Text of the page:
|From left: Chairman of LIAT, Dr. Jean Holder;??Prime Minister of St. Vincent, Dr. Ralph Gonsalves; and Prime Minister Freundel Stuart in conversation at the meeting.
Confronted with staggering losses to the tune of EC $46 million last year, the shareholder governments of LIAT have formulated a short-term rescue plan to stem the deep-seated cash flow problems, which continue to plague the regional carrier.
Chairman of the three shareholder governments and Prime Minister of St. Vincent Dr. Ralph Gonsalves, made this disclosure during a media conference last Monday, following meetings with the shareholders, board and management of LIAT and the unions at Hilton Barbados.
Based on an assessment of the airline’s performance, he reiterated that last year, LIAT lost EC $46 million and EC $20 million in 2010 and officials were working hard to turnaround the situation.
Dr. Gonsalves said the ongoing economic crisis, price of aviation fuel, competition on certain routes with RedJet, Caribbean Airlines (CAL) and other airlines, plus the cost of fleet maintenance had not helped the situation.
"We took a series of decisions today [Monday]…we adopted from the board a series of proposals relating to a recovery plan in the short-term, which would stem some of the cash flow problems.?? We addressed a number of routes which would have to be reassessed and this is a continuation of work that has already been ongoing….," Dr. Gonsalves underlined.
Additionally, the Chairman said issues related to LIAT’s pension fund with CLICO was also discussed and a decision was also made to convene a meeting at the CARICOM level, on air transport.
Dr. Gonsalves also spoke out about unfair competition from CAL. "…They [CAL] have a very large subsidy for aviation fuel.?? While they pay US$50 per barrel, we [LIAT], sometimes pay US $110, US $120 and sometimes more.?? No one wants to stop… and no one probably can stop…CAL from coming on any set of routes, but let’s have a level playing field.
"It is our contention that such unfair competition is subversive of the revised Treaty of Chaguramas and also the Common Air Services Agreement in CARICOM, and we must address this.?? So, I have been mandated to communicate our concerns in this matter to the government of Trinidad and Tobago," he remarked.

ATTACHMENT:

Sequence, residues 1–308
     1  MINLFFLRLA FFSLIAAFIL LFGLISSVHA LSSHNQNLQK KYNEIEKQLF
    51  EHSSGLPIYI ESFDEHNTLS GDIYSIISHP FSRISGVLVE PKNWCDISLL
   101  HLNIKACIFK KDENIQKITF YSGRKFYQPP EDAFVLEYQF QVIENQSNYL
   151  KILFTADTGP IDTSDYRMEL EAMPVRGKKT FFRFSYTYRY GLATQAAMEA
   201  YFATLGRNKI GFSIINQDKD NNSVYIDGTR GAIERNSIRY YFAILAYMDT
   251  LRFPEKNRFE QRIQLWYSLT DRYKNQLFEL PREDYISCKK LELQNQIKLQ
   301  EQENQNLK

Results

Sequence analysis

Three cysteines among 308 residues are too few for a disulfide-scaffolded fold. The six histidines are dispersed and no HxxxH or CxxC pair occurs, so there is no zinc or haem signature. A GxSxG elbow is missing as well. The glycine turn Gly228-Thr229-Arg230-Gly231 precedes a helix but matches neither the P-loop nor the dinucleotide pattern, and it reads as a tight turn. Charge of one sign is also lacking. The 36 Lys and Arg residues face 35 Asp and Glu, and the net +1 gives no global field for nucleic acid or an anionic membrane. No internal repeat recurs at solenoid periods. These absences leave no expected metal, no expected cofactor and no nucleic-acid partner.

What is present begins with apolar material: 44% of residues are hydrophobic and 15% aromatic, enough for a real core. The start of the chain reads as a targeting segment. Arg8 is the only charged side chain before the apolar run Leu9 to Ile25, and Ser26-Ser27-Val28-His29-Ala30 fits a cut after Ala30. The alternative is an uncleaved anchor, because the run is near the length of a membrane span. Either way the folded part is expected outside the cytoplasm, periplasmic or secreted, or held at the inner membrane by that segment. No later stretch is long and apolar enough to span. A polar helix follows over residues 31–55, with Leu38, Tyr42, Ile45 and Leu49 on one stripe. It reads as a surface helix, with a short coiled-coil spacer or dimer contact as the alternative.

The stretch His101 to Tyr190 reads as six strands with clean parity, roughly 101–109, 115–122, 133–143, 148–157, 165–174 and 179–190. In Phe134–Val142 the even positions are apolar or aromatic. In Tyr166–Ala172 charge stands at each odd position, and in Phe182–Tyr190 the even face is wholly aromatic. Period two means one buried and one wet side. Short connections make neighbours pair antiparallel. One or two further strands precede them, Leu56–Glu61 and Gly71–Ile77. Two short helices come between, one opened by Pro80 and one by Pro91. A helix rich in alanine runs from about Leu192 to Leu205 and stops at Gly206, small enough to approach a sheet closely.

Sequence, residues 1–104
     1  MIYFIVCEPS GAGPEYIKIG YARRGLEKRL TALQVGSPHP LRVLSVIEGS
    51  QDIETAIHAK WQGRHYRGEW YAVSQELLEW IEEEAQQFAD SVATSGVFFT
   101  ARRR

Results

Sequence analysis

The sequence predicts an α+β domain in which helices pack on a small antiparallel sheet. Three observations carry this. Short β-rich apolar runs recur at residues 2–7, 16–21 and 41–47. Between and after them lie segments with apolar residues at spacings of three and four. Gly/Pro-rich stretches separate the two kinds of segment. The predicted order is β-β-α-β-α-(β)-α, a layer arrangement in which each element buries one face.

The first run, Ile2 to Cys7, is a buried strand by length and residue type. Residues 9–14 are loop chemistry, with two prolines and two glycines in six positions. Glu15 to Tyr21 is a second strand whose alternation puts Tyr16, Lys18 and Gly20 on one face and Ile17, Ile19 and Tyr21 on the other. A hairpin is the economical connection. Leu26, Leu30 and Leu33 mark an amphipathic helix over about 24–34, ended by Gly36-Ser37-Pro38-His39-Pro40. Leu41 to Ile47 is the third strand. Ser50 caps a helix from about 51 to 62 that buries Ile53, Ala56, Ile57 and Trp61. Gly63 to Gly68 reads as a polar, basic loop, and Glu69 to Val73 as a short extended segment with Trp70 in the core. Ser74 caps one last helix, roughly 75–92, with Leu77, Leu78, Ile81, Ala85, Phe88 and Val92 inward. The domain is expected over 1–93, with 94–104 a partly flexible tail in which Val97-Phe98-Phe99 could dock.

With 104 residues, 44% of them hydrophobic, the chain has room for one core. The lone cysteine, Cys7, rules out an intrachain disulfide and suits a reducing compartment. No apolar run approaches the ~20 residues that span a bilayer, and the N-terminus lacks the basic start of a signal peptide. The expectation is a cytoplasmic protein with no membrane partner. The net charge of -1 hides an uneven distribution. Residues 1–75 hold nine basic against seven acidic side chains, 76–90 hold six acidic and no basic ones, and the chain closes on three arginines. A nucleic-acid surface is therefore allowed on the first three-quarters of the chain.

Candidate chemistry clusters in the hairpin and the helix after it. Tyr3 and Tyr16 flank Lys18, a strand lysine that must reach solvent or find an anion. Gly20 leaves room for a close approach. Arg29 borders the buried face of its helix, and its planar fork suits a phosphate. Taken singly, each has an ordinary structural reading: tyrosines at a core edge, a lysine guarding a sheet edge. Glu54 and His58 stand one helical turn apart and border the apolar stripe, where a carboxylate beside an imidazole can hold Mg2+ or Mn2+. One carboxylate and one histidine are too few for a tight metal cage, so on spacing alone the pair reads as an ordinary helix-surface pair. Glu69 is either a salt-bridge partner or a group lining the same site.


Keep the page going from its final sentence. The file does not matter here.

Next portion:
Meanwhile, Prime Minister Freundel Stuart described the meeting as successful and said all parties agreed that LIAT was "central to the ability of people to move for more than 50 years and there’s no immediate intention to see that change".
Acknowledging that LIAT’s position had been a source of concern for shareholder government’s due to significant losses, he said it was decided that efforts would be made to stop what he described as "a very pronounced hemorrhage" at LIAT.
"…It’s not easy for any business to lose EC$20 million in 2010 and then over EC $40 million in 2011.?? We obviously have to stop and ask ourselves some fundamental questions about LIAT and I am satisfied that our discussions today [Monday],[have] laid the foundation for meaningful progress on the issue of LIAT,"?? Mr. Stuart noted.
The Prime Minister added that both the region and its people have a stake in LIAT’s future.?? "We all have a vested interest in LIAT…the unions are interested in LIAT because people earn their living by working for the airline.?? Governments have an interest because the people over whose destiny we preside have to move around this region and have to do so comfortably and safely."
He further stated: " The people of the region have a vested interest too because this is our Caribbean home and people want to be able to move from one island to the other?? predictably and without the kind of discomfort that results from sudden work stoppages," Mr. Stuart surmised.